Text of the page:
Taddle Creek had its parallels, among them Garrison Creek in the far west end, and lesser-known Russell Hill Creek nearer in. All were inspired by gravity, the source of which was the Iroquois shoreline,2 the ancient bluff of Lake Ontario that rises just north of the Canadian Pacific railroad tracks that cross central Toronto. It is a significant slope, a moraine that meanders east until it is interrupted by the Don Valley and eventually becomes the Scarborough Bluffs. “Sparkling with hope and promise, they spring from the hills of Davenport, only to be captured and forced into the dark netherworld of Toronto’s underground,” memory columnist George Gamester wrote in the Toronto Star a few years ago, commenting on the three creeks’ common fate.3 Taddle’s source, then and now, is said to be the pond in Wychwood Park, partway up the incline, but it is known to have had many tributaries. These include the now-absent stream in the Albany Avenue area that gained national attention a few years ago when David Suzuki told how the citizens’ group Grassroots Albany, long familiar in these parts, wanted to uncover it and make it part of the landscape again.4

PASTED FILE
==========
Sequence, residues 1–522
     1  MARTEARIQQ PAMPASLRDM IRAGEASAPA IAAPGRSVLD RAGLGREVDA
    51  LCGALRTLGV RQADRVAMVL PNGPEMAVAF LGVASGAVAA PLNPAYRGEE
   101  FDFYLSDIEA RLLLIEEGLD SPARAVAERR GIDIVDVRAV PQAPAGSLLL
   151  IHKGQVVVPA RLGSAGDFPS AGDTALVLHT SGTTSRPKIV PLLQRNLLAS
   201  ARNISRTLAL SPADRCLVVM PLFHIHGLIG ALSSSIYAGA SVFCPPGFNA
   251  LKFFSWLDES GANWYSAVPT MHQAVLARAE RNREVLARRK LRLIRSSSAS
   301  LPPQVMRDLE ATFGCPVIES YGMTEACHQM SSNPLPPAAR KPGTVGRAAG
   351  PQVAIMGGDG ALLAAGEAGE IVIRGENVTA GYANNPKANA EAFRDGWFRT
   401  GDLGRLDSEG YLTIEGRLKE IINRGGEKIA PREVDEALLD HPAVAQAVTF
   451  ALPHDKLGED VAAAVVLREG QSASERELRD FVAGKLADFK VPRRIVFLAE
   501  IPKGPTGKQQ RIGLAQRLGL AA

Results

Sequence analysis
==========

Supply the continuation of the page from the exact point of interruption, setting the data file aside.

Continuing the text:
That these waterways continue so strongly in a big city’s stream of consciousness, long vanished but somehow known by citizenry who cannot have known them, demonstrates the power of collective memory and moisture’s tendency to persist. As recently as 1985, when Metro Police were erecting their new Gucci headquarters at College and Bay streets, Taddle Creek sprang forth in protest, from seventy feet below, demanding a change of plans.5 After crossing Bloor Street and meandering south to College Street, Taddle would have had to make a pretty abrupt easterly turn at the university to get to the site where police headquarters now stands, so it’s very likely we’re talking here about another tributary. In any case, the result had to be a shallower basement and reinforced walls, and perhaps in the future police may also be blessed with that bugaboo some Toronto homeowners must deal with due to Taddle—rising damp in the basement.